education

Plans to Offer Higher Education in 22 Regional Languages

The Central Government is conducting high-level discussions to improve and tweak the new education policy Higher Education Program offers in 22 languages.

It would be a welcome step as the most disciplined, especially technical courses, relied heavily on English.

Once burned fingers with the design in New education policy in 2019 on the question of Language and ‘imposition of Hindi’, the center is preparing to go the extra mile to demonstrate its commitment to promote regional languages.

At the same time, the recommendations of the draft policy, especially concerning Expanding access to education for pre-primary level and the right to education Act commitments, are being re-rated as a requirement of substantial financial need.

Last policy, which has been reworked, stating that while the formula of three languages​​will continue to be implemented, ‘great flexibility’ will be given to the states.

However, the center is viewed will go further in higher education. Currently, the bulk of higher education and almost all professional courses conducted in English. It is proposed that the policy includes a clause stating that, wherever possible, the medium of instruction in higher education should be in the mother tongue and the measures to be

Taken – by central, state and union territory – for incentives and fund the opening of new higher education institutions that have a medium of instruction in the mother tongue.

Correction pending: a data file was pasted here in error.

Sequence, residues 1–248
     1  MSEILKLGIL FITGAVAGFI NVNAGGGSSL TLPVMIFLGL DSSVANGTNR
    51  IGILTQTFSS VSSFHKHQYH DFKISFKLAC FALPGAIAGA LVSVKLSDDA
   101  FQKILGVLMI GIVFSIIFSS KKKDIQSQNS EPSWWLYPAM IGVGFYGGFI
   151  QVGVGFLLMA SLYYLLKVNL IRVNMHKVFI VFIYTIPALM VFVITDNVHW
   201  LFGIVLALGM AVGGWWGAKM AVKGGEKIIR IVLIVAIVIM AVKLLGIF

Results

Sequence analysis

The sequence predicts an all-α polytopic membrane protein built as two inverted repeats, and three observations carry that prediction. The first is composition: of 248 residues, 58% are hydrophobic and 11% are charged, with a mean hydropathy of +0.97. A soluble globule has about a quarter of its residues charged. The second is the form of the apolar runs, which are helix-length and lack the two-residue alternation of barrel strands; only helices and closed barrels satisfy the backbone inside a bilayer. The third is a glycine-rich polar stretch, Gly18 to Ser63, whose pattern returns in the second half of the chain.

While the current draft does not mention that the policy of education and a higher level program should use Indian languages ​​or become bilingual, the center is recommending it in a strong manner.

It is felt that many students drop out of higher education system in India because of emphasis on English, which puts students from regional language medium at back foot.

As a result, schools in many states in India have begun to switch from language to language-risk areas; moot.

The new policy has undergone several rounds of inspection and is expected to be placed before the Cabinet next month.

The draft policy has sparked controversy in June 2019 put more emphasis on the three language formulas, suggestions for teaching Hindi in non-Hindi speaking states and the claims of the ‘over-centralization’ through bodies such as the Rashtriya Shiksha Aayog.

Some states and political parties – mainly from Tamil Nadu – have been opposing this move from quite some time.

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